sCMOS

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dsp
Posts: 586
Joined: Tue Feb 20, 2007 11:09 am
Location: Hoboken, NJ

sCMOS

Post by dsp » Sun Sep 13, 2009 9:19 am

The first sCMOS (scientific CMOS) cameras have been appearing on the market. Eventually, this same technology will probably make it into the consumer cameras, giving us another way to have high sensitivity, (relatively) high dynamic range images. What these cameras do is essentially split the readout of the chip to two amplifiers, one low gain, one high gain, and then merge the results. It is like taking a picture at iso 100 and iso 3200 simultaneously, and then appropriately combining them. Here is a link to the white paper. The idea isn't necessarily new, but these are the first devices.

http://www.scmos.com/downloads/

cheers, Darcy

Jim Z
Posts: 774
Joined: Tue Oct 11, 2005 9:16 pm
Location: Tahoma CA

Post by Jim Z » Mon Sep 14, 2009 12:21 am

Darcy,

As I understand your explaination, the idea is something that could be applied by consumer camera makers.

Your post reminded me of the Kodak idea for higher dynamic range, from a couple of years ago. I think that it was some fashion of replacing/removing some of the Bayer array filters, so that some of the photo recptr sites would be panchromatic, and more sensitive or responsive. The way I saw it explained, the array filters would be R-G-B-no filter-R-G-B-no filter, etc. It was supposed to revolutionize photography... and I forgot all about it, untill this post!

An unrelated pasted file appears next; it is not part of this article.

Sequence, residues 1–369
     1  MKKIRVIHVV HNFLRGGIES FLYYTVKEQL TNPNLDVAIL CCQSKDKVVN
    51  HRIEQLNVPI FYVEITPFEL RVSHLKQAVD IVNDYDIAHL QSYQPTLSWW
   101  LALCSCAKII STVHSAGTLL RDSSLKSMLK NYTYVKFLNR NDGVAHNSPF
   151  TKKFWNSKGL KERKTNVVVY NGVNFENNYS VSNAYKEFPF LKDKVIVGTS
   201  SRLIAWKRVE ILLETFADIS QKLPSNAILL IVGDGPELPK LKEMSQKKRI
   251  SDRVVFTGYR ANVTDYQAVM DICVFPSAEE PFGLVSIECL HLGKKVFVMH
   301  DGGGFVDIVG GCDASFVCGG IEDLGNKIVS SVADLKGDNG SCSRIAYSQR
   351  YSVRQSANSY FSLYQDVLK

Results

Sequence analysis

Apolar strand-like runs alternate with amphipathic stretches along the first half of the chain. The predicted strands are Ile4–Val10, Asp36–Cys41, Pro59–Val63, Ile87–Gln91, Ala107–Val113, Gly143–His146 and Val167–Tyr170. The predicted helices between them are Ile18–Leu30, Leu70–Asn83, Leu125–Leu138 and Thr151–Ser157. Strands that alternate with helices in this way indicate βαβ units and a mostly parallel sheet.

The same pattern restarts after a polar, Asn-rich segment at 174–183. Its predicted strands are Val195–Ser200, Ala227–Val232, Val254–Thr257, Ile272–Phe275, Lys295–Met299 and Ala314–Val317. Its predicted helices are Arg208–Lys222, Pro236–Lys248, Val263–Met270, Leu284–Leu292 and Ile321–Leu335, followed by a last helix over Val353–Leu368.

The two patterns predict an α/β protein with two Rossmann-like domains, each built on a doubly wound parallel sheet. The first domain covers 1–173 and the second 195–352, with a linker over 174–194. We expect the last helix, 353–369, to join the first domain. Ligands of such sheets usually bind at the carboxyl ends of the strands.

thanks
Jim Z

dsp
Posts: 586
Joined: Tue Feb 20, 2007 11:09 am
Location: Hoboken, NJ

Post by dsp » Mon Sep 14, 2009 1:13 am

Hi Jim,
Yeah, it is very similar to that, only done electronically, with the same resolution per channel. With these modern image stabilized camaras, for most subjects in a non-scientific setting, you can almost certainly just get away with two exposures in very rapid succession - like using a fast electronic shutter (this would likely be the way the "open source" camera would do it first).

Like with the other things, how fast it makes its way into cameras has a lot to do with who owns the patent, how much they want to license it, if at all, and how easy it is to get around by varying the process!

cheers, Darcy

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